February 04, 2010
Work took me to eastern Iowa the past two days. Tuesday night was spent beating college buddy Santa Claus in a NLHE tourney at his place, along with enjoying some Chinese takeout, wine, and gin. I suppose I should also mention I lost in that tourney to Mrs. Claus, who called my flop bluff with A-high, which held up over my K-high. Rigged, I tell you!
Wednesday I mediated a case, and got done in time to make a short stop off at Riverside Casino, Insane Asylum, and ATM near Iowa City. It's a nice looking casino and golf resort, with a 14-table poker room. But, the poker room is quirky enough to qualify as the Mandalay Bay of the Midwest:
- No electronic devices can be used at the table at any time, in any manner, even if you are not in the hand. One old guy admonished me for Twittering at the table, claiming I would void any high hand or badbeat jackpot, even if I'm not in the hand. I felt like saying I didn't give a flying pig, but it looked like the fellows at my table took their jackpots very seriously, so I acquiesced.
- Dealer tips are not kept by the individual dealer. Nor are the tips pooled with the other poker dealers. Instead, poker dealer tips are pooled with all the other dealer tips from the pit games. Not a lot of motivation for the dealers, and it shows.
- The tables seem slightly larger than regulation vegas tables, making it hard for a lot of people to see the board from the ends of the table. One dealer had trouble reaching bets, so he would put the deck down on the table, half stand, lean forward to pull in bets two-handed, then sit back down and pick the deck back up. Very odd.
- The chairs swivel, but are not on wheels, and are not adjustable for height. Their fixed height is too short for the tables.
- They have HHJs for quads and straight flushes, but they are quite small. There is also a bad beat jackpot and a "mini bad beat" jackpot. Pick a promo already!
When I arrived late afternoon, there were two 2/5 NLHE games in progress, with a main game and a full must move game. I got seated within minutes. The action was pretty wild, with a lot of pots where 4-5 players called $20-$25 preflop, and postflop big bets were being called down by third or fourth pair, which often won the pot. I saw one $1600 pot where five players called $25 preflop, and three players got it all-in on a flop of: Js6s2s. The hands: KsTd, 9s3s, 8s4s. Hand runs out blanks. Within minutes, the winner and the loser of that hand both got called to the main game, taking a ton of chips with them.
Our game suddenly became uber-passive, with a lot of limped pots, and no 3-betting preflop. I manage to turn out just over a double up by playing maybe 10 hands in two hours, and scoring medium sized pots with: a flopped set of 8s filling up on a card that made the nut flush, a flopped set of treys knocking off flopped top two with AK, my own flopped top two with AK holding up against a pair with flush draw, and 3-betting out of the BB preflop with AQ to steal $100 in limp-calls of a $20 preflop raise. That's it. That's my session. Exciting, eh?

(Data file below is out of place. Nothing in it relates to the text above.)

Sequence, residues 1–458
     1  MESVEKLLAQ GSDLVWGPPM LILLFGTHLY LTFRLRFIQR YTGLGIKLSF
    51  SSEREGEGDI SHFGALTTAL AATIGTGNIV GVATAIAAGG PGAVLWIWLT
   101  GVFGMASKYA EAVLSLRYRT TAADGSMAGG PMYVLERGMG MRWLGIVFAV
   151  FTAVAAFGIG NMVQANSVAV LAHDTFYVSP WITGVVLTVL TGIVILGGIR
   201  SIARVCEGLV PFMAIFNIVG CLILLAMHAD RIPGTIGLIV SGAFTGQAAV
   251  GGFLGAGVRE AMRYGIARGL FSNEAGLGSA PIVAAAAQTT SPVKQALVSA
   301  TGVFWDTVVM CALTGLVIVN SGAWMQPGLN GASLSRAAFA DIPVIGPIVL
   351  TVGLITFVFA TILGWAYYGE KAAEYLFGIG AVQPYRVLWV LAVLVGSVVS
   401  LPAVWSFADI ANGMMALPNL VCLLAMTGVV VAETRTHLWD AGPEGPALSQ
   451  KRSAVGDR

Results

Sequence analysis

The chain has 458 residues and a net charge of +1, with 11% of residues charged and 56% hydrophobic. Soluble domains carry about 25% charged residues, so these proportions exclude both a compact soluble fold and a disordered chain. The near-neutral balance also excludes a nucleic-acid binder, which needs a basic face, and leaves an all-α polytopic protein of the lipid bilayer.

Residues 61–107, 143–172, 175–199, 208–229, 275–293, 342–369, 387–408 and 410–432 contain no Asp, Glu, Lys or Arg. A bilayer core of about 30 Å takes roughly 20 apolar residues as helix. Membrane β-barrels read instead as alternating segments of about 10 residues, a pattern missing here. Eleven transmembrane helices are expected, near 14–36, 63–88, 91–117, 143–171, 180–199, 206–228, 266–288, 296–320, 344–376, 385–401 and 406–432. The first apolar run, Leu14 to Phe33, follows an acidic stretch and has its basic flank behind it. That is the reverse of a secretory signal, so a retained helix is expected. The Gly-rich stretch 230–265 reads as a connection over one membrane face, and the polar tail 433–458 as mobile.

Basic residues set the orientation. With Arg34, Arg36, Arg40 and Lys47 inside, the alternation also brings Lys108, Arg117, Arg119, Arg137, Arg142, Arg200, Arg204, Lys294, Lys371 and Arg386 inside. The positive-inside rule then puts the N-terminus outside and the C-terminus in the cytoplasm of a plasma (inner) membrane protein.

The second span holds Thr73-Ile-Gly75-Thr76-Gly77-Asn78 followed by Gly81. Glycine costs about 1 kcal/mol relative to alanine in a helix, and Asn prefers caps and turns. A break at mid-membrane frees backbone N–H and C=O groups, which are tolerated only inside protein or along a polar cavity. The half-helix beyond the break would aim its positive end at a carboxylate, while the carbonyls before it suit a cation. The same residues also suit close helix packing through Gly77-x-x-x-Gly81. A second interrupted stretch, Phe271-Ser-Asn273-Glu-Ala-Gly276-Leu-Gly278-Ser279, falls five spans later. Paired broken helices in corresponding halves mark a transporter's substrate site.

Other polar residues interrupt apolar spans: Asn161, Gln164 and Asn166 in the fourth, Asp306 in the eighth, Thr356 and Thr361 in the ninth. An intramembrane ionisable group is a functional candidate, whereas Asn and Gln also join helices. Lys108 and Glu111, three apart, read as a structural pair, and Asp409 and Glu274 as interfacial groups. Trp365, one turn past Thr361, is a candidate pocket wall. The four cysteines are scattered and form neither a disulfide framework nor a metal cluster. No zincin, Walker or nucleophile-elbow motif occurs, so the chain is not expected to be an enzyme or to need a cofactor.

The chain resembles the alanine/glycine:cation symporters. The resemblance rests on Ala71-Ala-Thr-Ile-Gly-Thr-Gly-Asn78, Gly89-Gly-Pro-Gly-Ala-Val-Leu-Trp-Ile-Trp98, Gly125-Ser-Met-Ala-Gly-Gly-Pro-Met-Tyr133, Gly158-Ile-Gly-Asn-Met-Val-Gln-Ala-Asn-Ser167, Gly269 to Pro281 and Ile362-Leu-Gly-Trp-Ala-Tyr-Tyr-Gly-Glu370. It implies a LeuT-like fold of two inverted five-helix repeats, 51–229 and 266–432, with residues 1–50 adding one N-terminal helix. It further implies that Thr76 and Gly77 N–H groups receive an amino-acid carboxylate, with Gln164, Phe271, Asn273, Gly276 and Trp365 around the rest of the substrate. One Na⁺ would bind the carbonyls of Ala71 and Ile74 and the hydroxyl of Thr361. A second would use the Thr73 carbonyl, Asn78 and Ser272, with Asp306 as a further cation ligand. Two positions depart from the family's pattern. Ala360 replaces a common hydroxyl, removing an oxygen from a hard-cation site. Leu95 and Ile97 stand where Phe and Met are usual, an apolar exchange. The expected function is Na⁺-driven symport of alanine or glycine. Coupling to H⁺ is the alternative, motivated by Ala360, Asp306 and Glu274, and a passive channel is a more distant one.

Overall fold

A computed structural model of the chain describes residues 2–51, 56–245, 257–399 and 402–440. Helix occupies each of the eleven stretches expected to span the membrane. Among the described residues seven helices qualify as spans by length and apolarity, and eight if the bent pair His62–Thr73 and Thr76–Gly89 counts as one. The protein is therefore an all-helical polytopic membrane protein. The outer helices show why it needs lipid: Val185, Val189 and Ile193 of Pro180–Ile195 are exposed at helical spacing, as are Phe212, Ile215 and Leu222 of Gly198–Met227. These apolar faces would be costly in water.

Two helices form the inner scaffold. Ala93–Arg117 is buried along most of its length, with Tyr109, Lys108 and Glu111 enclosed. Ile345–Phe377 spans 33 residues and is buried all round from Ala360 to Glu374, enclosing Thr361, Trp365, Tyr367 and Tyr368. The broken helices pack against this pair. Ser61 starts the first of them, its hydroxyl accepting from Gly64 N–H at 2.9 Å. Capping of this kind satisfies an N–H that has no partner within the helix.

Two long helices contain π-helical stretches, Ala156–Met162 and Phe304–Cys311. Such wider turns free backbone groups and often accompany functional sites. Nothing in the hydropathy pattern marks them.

There was plenty of excitement in the room, however. The main game looked to be playing psychotically, with a ton of big pots. The players all seemed to be regulars, and there sounded like a lot of bluffing, 3-betting, and big moves being made. At one point, I tried to estimate the chips in play, and figured there had to be $11K to $13K on the table--two players had over $2000, two other players had over $1500, and the rest all had at least $800-$1000. By contrast, at my table, I was one of the two big stacks with $600 when I left, and most stacks were in the $100-$250 range. At the main game, pots of $500-$1000 were being pushed regularly. At my table, the most exciting moment was when a debate broke out among the old farmers as to which Vegas casino had the best action--a couple backed the Riviera, and a couple backed the Orleans, and one guy threw out the Flamingo. Actually, that conversation alone should tell you how the game at my table played. Although both games were labeled "2/5 NLHE", it's pretty clear that those games had nothing in common but their limits.
Which brings us to the Yaks. One guy was stacked twice in one orbit with Yaks, running a flopped set into a monster draw that got there (Q8s gutterballed Broadway), and a few hands later flopping top set with Yaks against a set of 9s. Of course, the 9s river quads. Hilarity ensued, which was aggravated by the "apology" of the guy with quad 9s. A little later, two other guys get it all-in on a junky low flop, only to find it's Yaks vs. Yaks! Of course, the board four-flushes. Bonus hilarity ensued! Altogether a very satisfying poker session.